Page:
The town's mayor, Awat Tofiq, is still in office although his removal was a key demand of the protesters, some of whom claimed he had sparked the riot after saying on television the previous day that townspeople were "blind" to infrastructure improvements,

"After the protest, KRG officials came and met the people. They promised to respond to our demands," said 25-year-old Pirmagrun resident Bakir Gurun. “They said they would start projects to fix our roads and schools, but nothing has been done so far. Our problems with electricity, water and sewage are the same as before.”

According to Hama Jan, the authorities had hired contractors to build a new sewage system, an additional school and road improvements, but the work has yet to begin. He said the mayor will remain in office only until he is reassigned by the KRG.

Hama Jan added that of the 70 people arrested in Pirmagrun, all but two have been released on bail. The two still detained are former peshmerga and have been sent to a military court, he said.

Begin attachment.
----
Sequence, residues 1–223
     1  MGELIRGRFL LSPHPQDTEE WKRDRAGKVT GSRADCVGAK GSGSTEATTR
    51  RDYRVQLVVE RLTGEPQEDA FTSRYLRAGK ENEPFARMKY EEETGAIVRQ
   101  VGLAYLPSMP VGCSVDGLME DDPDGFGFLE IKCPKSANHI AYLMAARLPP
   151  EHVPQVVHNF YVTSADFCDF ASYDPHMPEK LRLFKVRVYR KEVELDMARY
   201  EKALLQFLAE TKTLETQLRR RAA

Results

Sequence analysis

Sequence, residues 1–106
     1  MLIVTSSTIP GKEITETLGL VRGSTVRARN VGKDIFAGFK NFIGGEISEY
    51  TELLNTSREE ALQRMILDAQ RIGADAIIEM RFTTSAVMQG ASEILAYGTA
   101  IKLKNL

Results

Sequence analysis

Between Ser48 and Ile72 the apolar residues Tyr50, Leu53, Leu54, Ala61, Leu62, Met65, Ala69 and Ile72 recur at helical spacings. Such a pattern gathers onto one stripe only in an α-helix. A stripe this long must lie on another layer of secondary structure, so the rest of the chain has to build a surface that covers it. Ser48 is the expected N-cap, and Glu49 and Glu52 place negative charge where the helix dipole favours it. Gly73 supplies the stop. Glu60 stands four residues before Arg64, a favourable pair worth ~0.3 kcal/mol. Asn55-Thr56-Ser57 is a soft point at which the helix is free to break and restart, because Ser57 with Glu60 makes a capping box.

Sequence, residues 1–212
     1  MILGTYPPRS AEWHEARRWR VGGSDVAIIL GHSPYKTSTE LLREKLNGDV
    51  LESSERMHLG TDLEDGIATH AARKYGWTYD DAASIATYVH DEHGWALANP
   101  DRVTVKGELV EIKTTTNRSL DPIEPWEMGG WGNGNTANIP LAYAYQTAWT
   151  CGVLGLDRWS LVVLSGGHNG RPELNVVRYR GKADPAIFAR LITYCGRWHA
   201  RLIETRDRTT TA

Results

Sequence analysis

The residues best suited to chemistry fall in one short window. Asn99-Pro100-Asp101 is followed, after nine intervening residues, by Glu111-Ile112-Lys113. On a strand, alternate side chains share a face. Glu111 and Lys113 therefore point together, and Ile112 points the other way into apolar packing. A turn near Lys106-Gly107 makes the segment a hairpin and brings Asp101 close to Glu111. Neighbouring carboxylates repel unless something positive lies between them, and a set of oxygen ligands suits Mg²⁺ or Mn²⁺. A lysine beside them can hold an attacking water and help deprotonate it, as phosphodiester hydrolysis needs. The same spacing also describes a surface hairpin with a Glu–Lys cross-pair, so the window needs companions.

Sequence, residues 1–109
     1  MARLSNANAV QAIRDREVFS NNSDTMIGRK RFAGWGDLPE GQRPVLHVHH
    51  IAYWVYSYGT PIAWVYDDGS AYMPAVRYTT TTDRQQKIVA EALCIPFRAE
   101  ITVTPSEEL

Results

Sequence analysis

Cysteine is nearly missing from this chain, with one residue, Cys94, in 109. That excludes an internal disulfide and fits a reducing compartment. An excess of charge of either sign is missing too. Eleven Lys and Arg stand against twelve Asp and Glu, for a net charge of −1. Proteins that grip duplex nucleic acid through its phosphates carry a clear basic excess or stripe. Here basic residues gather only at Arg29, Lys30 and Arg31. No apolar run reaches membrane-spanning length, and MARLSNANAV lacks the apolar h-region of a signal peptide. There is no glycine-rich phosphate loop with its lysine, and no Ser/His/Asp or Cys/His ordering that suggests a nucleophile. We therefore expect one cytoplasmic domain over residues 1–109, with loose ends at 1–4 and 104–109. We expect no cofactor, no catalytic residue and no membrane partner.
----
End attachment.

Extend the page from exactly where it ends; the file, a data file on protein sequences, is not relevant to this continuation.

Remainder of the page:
A bigger concern for security forces, Hama Jan continued, is that other disgruntled communities will take to the streets rather than express their frustrations with the authorities peacefully.

"We have gone to places where protests might happen. We have told people there that they can protest peacefully and ask for their rights without using violence,” Hama Jan said.

He declined to give further details, saying only that since late December he had visited two towns in Sulaimaniyah province - Saidsadq and Penjwen - and the district of Chamchamal to discuss services.